Dozens of Norths Dozens of Norths

Last year, we exclusively unveiled the first images from Dozens of Norths, the debut feature from Japanese indie luminary Koji Yamamura. The first trailer from this striking project is now out. (Note that the English title, originally A Dozen Norths, has been changed.)

The experimental film is loosely structured around a person’s journey to a northern land. The narrative unfolds across dreamlike realms populated with characters in states of psychological stasis or distress. The feature will premiere in competition at Japan’s New Chitose Airport International Animation Festival, which will be held on November 5–8. In the meantime, here’s the trailer:

Yamamura is one of Japan’s most prominent independent animation filmmakers. His shorts include the Oscar-nominated Mt. Head, the Ottawa-winning A Country Doctor, and Muybridge’s Strings, a co-production with the National Film Board of Canada.

Dozens of Norths is a co-production between his Yamamura Animation and France’s Miyu Productions. The director worked on it, mostly at his Tokyo studio, with a small team. The film’s world is based on a series of covers Yamamura had previously illustrated for the literary review Bungakukai; the legacy of the 2011 earthquake and tsunami, which occurred in the north of Japan, is also a key influence on the project’s themes and mood.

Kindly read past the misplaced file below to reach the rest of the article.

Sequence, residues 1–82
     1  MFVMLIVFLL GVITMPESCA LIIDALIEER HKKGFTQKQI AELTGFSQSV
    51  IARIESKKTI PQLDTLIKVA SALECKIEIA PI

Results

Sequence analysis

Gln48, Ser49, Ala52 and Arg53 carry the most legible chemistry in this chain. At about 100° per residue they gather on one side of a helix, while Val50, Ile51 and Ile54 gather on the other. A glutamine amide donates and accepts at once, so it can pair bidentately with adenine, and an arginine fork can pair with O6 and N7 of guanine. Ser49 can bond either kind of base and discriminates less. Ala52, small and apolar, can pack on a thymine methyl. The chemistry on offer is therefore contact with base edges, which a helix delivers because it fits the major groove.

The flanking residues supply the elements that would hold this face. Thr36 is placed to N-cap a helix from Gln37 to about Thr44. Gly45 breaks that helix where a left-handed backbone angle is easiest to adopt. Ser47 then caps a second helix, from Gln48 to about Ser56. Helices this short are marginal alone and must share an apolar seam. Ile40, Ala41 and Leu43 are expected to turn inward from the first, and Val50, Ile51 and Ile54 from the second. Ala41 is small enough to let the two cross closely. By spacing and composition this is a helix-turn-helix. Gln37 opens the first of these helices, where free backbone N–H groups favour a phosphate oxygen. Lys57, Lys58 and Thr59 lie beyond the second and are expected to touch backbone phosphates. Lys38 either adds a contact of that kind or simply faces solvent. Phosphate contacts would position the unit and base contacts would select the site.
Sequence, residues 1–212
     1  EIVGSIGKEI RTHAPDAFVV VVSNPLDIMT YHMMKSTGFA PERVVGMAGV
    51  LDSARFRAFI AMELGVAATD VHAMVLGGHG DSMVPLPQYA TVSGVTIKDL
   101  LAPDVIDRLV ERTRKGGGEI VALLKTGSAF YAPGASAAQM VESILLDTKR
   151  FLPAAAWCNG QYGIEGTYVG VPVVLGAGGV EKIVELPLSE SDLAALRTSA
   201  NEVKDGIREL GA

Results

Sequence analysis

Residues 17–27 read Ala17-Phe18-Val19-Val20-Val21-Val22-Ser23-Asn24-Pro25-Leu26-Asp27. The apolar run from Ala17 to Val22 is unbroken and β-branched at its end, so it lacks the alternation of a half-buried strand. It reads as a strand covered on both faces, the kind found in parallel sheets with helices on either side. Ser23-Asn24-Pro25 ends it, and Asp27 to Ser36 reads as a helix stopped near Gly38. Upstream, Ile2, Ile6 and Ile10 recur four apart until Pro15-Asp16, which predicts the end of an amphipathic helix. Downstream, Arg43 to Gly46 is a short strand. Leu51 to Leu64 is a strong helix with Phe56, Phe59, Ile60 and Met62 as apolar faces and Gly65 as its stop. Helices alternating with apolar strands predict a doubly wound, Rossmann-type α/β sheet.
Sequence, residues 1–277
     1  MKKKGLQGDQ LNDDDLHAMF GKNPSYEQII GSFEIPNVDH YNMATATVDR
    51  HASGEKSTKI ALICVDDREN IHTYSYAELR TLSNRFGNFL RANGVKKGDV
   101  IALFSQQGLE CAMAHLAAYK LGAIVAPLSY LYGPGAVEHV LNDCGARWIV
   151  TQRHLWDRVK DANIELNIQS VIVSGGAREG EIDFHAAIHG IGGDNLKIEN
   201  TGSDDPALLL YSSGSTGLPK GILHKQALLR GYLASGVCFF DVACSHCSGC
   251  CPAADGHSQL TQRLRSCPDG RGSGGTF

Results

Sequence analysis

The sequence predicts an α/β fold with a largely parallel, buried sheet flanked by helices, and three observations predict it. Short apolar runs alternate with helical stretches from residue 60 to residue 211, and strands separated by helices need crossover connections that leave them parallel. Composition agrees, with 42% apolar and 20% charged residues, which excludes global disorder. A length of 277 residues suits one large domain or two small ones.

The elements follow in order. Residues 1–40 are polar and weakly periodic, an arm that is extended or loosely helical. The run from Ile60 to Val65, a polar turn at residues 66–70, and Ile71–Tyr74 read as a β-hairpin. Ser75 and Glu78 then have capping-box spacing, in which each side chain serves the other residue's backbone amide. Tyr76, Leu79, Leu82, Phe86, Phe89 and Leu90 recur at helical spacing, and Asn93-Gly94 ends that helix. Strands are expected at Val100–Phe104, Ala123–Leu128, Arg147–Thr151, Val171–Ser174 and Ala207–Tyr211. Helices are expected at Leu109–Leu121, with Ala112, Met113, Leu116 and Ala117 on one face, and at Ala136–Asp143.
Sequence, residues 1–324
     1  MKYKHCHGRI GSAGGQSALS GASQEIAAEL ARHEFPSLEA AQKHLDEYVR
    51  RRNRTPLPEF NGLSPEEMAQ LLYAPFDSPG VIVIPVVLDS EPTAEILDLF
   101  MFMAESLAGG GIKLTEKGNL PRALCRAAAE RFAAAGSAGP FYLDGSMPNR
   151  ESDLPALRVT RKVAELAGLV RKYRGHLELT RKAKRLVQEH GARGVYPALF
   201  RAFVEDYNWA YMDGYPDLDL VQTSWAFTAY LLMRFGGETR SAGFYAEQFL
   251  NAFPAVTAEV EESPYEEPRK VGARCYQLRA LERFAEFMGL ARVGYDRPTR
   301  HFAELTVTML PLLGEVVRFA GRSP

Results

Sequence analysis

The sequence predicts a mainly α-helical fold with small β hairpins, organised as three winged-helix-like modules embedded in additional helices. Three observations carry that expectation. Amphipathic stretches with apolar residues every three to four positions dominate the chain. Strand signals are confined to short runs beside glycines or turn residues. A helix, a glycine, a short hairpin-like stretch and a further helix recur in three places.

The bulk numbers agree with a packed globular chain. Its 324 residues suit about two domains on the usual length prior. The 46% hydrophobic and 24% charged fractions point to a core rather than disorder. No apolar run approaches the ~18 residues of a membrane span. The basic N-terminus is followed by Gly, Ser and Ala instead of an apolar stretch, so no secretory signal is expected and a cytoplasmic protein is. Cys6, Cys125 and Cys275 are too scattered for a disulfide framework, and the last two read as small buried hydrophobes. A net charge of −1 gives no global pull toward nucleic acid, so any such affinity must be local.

The animation in the film is very limited. This was an aesthetic choice, Yamamura told me when I interviewed him for the magazine Blink Blank last year. He explained that the role of movement in his work is diminishing with time, while aspects like composition are becoming more important:

Digital technology lets me work on the visual aspects in a more segmented way. Rather than working on the image layer by layer, thinking about what is needed in terms of movement and what would make it all easier to animate, I want to work on the image as a whole. And if I see the need to add more animation, the technology lets me do so. The animation of characters, movement in and of itself, are no more than one element, less essential to my eyes.

The other features in competition at New Chitose are Xi Chen’s Chicken of the Mound, Lorenzo Mattotti’s The Bears’ Famous Invasion of Sicily, and Gabriel Verdugo Soto’s Elulu.

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